You know a strawman, right? That’s where you present a weak form of your opponent’s argument so you can demolish it.

Steelman is the opposite. It’s a technique among rationalists, where we make the strongest possible argument, even if our opponents aren’t actually making it.

Here’s my spirituality steelman:

Meaning creates happiness, confidence, and health. It lowers stress and improves the drive to create. It is a goodness.

Accuracy is also a goodness. Accuracy gives us vaccines, airplanes, science and technology.

Meaning provides short-term value, accuracy provides long-term value. We need both.

A placebo works even if you know it’s a placebo. So shouldn’t we allow ourselves to find false-but-non-harmful meaning, while still knowing deep down that it’s false? Can’t we adopt a belief but flag it as “not-true,” and still get the meaning-centric benefits?

Reflexes and False Beliefs

That argument resonated with me. If you do a steelman right, it usually will.

I still don’t trust false beliefs. We can’t know the true cost of a false belief. And it’s so easy to believe pleasant fictions. I don’t want to train my brain toward accepting fictions.

(That reflex, to turn toward painful-but-accurate beliefs, is what drove me to explore spirituality, after all. It would have been easier to just look down on my friends than to examine a value I learned as a child.)

And yet, I can see how an intelligent person could choose differently, not through logical errors or flawed thinking, but through having different goals. And I can respect that.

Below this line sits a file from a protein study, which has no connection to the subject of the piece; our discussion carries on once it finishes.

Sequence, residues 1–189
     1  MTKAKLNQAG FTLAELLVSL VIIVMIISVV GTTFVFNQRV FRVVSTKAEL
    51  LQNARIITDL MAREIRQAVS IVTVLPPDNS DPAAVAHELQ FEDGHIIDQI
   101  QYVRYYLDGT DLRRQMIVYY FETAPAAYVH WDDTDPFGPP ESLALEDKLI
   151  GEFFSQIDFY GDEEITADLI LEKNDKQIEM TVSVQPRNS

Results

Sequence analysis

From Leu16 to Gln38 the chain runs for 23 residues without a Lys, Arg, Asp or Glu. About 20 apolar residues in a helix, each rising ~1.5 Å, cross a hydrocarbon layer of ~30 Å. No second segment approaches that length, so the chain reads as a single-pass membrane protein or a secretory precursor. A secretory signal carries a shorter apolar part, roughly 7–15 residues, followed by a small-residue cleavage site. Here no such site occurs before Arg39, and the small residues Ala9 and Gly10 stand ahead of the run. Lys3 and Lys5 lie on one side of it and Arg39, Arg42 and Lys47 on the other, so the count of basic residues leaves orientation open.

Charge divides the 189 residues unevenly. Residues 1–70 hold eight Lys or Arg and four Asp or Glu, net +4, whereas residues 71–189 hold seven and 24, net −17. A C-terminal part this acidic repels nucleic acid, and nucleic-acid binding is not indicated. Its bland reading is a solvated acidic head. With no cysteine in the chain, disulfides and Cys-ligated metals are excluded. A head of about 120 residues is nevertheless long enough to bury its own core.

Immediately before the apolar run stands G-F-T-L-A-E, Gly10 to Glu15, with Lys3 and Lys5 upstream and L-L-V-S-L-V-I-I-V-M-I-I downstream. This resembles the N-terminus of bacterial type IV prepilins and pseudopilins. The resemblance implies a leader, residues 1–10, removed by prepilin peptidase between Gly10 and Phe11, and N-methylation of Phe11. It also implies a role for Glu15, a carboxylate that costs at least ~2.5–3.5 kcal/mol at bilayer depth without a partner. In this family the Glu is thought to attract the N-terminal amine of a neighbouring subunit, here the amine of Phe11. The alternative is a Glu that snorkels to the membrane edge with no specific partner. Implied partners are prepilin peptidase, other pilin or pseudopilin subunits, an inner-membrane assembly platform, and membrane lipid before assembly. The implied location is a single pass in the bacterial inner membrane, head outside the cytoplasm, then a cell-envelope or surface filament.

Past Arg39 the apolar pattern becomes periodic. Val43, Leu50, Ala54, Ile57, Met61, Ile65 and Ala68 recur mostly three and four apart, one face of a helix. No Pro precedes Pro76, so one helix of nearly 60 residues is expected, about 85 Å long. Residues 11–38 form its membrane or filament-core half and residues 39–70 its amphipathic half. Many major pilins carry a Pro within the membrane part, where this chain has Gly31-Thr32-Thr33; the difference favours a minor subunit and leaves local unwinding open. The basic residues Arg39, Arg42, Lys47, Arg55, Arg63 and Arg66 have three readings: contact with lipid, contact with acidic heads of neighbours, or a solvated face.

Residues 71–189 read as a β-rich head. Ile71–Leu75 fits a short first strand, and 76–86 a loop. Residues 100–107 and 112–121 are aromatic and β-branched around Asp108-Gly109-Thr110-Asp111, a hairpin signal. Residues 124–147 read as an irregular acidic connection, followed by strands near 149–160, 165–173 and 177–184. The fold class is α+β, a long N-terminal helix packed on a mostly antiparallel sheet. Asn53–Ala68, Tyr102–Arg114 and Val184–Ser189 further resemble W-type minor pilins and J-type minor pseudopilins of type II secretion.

Gandhi’s Not Lazy

The next morning, I woke with a sentence in my mind:

Spirituality is the lazy man’s philosophy.

But that’s not fair. Sure, spirituality can be a lazy man’s philosophy, but that’s true of anything. You’re supposed to use rationality to update beliefs and change behaviors, but plenty of people use it to justify the stupid things they were already doing. And you can use scientific terms without understanding the actual science. (New rule: Anyone proposing Quantum anything must be able to calculate Schrodinger’s equation.)

There’s a lazy form to everything. That’s not unique to spirituality.

But Gandhi’s not lazy. He did spirituality right, used it to motivate hard action and real change.

And I find myself wondering, is there a set of spiritual practices, focused on finding meaning, that also support a scientifically-accurate worldview?